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Saturday, 16 May 2015

Recent Ffos Las sightings

The slightly warmer weather of the past week or so has brought more butterflies and moths out on Ffos Las as well as various other insect species.

I saw my first small heath of the year on 7th May, this photo taken on the 9th.
My first dingy skipper was on 7th May, a few days later than Isobel's sighting on the adjacent Woodland Trust site.  This photo was taken on 11th May.  I am now seeing these in good numbers - 13 today (Sat) and have seen them every time I have been on Ffos Las since the 7th, so although nothing can ever be guaranteed in nature, anyone wanting to see a dingy skipper has a good chance along footpath number 36/148/1, alongside the Afon Morlais on the north of the site, below where the new housing development "The Padocks" is being built.  I would be very happy to show anyone the way if they wanted.
Ffos Las is also a good site for wall browns and I am seeing a couple on most walks at the moment.
Small copper first seen on 12th May.
I am pretty sure that this is a brown argus, photographed on 12th May. I initially thought it was a female common blue, but the orange spots on the forewing go all the way to the front edge of the wing and there is no blue in the spots on the hind wing.  If it is a brown argus, then it is the first that I have seen on Ffos Las, and I've been through my photos of the past 4 years in case I have mis-identified it before, and I have no other pictures of this butterfly.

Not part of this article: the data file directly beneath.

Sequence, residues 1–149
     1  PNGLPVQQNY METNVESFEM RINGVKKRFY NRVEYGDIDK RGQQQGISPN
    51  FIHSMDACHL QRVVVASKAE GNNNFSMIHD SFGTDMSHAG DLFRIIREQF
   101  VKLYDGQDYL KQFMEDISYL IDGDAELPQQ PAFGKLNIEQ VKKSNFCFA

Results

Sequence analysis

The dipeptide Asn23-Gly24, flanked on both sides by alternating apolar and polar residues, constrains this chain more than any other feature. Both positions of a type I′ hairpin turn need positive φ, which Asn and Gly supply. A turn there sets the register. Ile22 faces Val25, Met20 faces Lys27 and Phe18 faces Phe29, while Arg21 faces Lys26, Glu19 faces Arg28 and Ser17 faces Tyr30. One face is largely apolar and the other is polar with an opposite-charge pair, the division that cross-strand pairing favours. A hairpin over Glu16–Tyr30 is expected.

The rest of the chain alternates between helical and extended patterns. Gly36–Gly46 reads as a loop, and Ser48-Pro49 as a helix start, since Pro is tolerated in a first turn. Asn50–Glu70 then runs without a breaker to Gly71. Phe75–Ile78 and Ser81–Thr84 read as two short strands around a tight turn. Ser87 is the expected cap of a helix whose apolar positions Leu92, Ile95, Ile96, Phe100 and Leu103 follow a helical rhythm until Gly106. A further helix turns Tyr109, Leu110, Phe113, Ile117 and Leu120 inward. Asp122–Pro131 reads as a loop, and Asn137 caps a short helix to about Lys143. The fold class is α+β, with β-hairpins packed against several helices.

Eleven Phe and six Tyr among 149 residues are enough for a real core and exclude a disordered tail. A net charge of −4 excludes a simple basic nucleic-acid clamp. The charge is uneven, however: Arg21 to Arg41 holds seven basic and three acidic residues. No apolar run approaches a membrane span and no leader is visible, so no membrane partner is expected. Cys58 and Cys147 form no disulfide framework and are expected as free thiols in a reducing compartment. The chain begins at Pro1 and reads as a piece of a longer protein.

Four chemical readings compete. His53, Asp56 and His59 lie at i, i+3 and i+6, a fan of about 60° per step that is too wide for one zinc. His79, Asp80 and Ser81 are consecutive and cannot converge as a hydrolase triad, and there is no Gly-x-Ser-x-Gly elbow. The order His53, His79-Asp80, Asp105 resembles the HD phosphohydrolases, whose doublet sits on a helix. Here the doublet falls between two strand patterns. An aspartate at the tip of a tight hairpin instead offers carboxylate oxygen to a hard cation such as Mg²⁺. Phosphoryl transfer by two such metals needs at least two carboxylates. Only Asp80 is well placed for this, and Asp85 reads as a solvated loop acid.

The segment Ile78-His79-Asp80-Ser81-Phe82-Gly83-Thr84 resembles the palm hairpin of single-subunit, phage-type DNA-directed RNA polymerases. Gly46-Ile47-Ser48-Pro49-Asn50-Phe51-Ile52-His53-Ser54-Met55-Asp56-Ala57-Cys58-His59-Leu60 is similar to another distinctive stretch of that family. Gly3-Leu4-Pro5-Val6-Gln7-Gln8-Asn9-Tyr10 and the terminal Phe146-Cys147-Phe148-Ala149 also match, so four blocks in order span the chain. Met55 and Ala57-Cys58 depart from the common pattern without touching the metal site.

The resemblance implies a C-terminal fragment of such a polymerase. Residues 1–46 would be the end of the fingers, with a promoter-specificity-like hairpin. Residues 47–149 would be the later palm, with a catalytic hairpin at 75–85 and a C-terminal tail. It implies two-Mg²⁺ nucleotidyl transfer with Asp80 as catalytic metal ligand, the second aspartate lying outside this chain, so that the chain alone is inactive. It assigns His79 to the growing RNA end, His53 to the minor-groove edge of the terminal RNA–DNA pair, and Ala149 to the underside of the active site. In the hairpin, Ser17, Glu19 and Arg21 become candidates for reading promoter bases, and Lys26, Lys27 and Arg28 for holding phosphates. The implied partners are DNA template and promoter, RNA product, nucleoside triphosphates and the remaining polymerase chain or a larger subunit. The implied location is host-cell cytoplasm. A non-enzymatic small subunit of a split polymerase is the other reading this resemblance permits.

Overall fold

There are several larval webs of lackey moth on site, but not as many as I've seen in previous years.
Not a good photo of a common carpet moth, but again my first of the year, 13th May.
I know nothing about hoverflies, but this one has different abdominal markings to those I usually see.
2 for the price of 1.  I don't know the species of bee, but I think that the green beetle is Oedemera nobilis.
A slow worm basking on the path.  I was lucky to see one on Monday and Tuesday this week.


  1. Great selection Maggie - I think the Burnet Companion is a Dingy Skipper

    1. Oops, you were right. I've deleted the photo and will therefore confuse anyone else reading your comment. Thanks for the correction.

  2. The hoverfly is an Eristalis, but there are several similar ones - hard to say for sure which one from a pic. The abdominal marking are very variable in these species and not much use for ID, unfortunately.

  3. I think that your lycaenid butterfly is the blue-tinged form of a female common blue rather than a brown argus, Maggie. Your bumblebee looks like Bombus pascuorum and your Oedemera nobilis is correct; the swollen leg joints show that you`ve got a male of the latter, which gives the species its common name `thick-kneed flower beetle`. It is quite frequent, at least in coastal Carms, but be aware of a smaller, much slimmer relative O. luridus (which is more widespread in our county). Really nice to see the good photos - the presence of wall butterflies is encouraging, and such sites are, as you know, best left unplanted rather than being targeted for tree planting. If you`re in book-buying mode, then a really good book for hoverflies is `Britain`s Hoverflies: a field guide` by Stuart Ball & Roger Morris, 2nd Ed,2015, (c £19).